What does this do to ticket prices?

Discussion in 'The Business of Hockey' started by thestonedkoala, Feb 18, 2005.

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  1. thestonedkoala

    thestonedkoala Everyone! PANIC!

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    I have a very strong suspecion that ticket prices aren't going to go down with a hard cap. And in fact may go up to cover taxes and/or revenue sharing. Think about it for a second. Your team is hitting the cap, they need to still generate revenue though. What better place than at the ticket stands? And then the opposite happens. Your team lowers the ticket prices but isn't generating a lot of profit. They have to cut players salary, so they don't sign a couple of guys for a couple millions. They aren't icing a quality team. You pray and hope their rookies pan out but what if they don't?

    I just have a bad feeling that ticket prices might take a huge hit for some teams trying to cover their bases.
     
  2. Jester

    Jester Registered User

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    tickets = supply.

    us wanting to watch hockey live = demand.

    where supply and demand meet to equal the greatest return is where ticket prices will be. no more. no less.
     
  3. thestonedkoala

    thestonedkoala Everyone! PANIC!

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    But the demand has been going down since teams have been raising ticket prices. Even with a cap, do you think owners are going to go, hey look, we're getting money now, let's spend on it the team instead of saying hey look, we're getting money now, let's put a little in the team but let's keep the rest of the money for ourselves.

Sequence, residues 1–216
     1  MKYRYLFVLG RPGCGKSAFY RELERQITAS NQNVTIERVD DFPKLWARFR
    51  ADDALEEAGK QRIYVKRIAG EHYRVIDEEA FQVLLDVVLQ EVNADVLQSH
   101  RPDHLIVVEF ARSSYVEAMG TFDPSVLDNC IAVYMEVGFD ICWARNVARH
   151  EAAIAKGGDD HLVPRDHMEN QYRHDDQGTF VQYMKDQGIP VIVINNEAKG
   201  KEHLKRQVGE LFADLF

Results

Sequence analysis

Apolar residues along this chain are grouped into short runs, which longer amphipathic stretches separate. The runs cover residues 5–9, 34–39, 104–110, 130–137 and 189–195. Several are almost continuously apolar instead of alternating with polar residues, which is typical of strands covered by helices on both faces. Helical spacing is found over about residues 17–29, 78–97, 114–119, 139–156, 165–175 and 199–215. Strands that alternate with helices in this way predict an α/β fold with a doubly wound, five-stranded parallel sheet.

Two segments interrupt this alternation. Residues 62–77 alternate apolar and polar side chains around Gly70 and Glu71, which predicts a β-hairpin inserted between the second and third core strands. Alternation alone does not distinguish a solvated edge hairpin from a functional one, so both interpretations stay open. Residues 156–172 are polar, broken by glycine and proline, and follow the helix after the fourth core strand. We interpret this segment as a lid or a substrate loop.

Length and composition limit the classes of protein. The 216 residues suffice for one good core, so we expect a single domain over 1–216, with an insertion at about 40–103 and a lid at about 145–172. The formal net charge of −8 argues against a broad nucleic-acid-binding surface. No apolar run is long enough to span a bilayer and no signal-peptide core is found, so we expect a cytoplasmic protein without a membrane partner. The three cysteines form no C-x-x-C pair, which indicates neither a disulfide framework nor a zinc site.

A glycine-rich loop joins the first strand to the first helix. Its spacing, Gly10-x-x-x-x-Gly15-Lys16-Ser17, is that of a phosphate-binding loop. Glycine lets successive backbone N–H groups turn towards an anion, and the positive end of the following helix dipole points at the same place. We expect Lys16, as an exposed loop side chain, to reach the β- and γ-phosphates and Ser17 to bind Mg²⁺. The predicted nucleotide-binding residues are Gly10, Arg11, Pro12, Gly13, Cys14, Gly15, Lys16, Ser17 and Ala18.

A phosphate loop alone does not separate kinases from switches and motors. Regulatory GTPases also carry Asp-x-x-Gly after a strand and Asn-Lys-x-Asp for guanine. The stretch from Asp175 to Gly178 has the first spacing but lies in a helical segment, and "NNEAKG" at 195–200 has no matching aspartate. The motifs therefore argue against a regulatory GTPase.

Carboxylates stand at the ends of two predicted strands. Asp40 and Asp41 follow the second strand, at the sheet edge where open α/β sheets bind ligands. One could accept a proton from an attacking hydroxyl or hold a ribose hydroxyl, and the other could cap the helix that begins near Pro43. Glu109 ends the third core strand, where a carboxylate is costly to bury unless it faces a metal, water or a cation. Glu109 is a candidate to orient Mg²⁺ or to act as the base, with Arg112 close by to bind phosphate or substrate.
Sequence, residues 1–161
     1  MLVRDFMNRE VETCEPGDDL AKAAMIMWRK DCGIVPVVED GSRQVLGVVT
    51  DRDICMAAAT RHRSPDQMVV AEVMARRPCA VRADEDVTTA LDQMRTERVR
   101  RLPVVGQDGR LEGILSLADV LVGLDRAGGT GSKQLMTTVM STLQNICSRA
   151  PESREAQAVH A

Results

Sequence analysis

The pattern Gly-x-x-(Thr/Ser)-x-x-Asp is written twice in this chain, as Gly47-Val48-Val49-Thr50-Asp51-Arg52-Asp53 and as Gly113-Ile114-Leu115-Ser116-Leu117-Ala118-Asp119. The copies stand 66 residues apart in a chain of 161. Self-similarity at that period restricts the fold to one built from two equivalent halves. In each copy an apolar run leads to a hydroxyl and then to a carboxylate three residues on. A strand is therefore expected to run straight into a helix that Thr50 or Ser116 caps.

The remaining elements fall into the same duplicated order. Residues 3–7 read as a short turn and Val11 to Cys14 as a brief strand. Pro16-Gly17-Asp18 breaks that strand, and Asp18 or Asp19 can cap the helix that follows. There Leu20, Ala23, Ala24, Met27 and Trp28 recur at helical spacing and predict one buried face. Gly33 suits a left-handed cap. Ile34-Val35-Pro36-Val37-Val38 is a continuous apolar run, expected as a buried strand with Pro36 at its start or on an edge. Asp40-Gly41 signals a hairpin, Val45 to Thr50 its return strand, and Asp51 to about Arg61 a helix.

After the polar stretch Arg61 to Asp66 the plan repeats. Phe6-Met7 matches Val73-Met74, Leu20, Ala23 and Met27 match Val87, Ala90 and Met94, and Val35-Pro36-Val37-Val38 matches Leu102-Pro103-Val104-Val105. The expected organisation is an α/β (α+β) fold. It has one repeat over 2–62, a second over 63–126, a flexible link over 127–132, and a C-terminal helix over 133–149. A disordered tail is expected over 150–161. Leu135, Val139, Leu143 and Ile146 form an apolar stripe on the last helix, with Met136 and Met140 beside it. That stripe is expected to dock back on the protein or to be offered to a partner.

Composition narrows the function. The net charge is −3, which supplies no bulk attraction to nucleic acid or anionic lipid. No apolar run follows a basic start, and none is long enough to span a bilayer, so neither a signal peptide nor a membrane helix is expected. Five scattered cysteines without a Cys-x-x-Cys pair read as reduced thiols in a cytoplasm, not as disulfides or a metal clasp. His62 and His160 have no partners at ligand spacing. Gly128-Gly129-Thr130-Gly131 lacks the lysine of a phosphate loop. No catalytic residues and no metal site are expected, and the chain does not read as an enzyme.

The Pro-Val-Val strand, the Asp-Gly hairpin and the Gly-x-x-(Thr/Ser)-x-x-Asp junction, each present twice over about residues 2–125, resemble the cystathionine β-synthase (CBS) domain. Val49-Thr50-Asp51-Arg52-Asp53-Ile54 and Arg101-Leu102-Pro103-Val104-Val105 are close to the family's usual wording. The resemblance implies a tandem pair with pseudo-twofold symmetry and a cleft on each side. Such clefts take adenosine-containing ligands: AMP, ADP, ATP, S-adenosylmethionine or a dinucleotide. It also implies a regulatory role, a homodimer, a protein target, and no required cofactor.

4. nomorekids

    nomorekids The original, baby

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    Listen to Bettman's interview on Mike and the Mad Dog from yesterday. I mean, granted, it's tough to say from this perspective, but Chris asked how the league was EVER going to recover from this, pointed out how disillusioned a lot of people are...and Bettman said SPECIFICALLY that "if dropping ticket prices will bring people back, then we'll drop ticket prices. In fact, it's probably going to be necessary"

    Like I said, take it for what it's worth.
     
  5. thestonedkoala

    thestonedkoala Everyone! PANIC!

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    I wonder for how long though they will drop ticket prices?
     
  6. Beukeboom Fan

    Beukeboom Fan Registered User

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    I'm sure they'll stay low as long as they have a hard time drawing fans. Teams like TOR, EDM, COL & PHI probably won't drop ticket prices at all. It's the less die-hard markets that are REALLY going to have to work to get the fans back that will drop the ticket prices.
     
  7. thestonedkoala

    thestonedkoala Everyone! PANIC!

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  8. nyr7andcounting

    nyr7andcounting Registered User

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    Dropping ticket prices is a move to get people back in the stands and will only last until attendance is back to normal levels. If that means 1 season or less, than that's how long we are going to have cheaper tickets. Otherwise, it's simple supply and demand no matter what kind of system the league players under. In fact, as most pro-cap people would point, the smaller markets are going to be more competative when the NHL gets back so tickets in those markets might increase from where they are now. But in the long run there is no correlation between ticket prices and a cap, linkage, lux tax or anything else.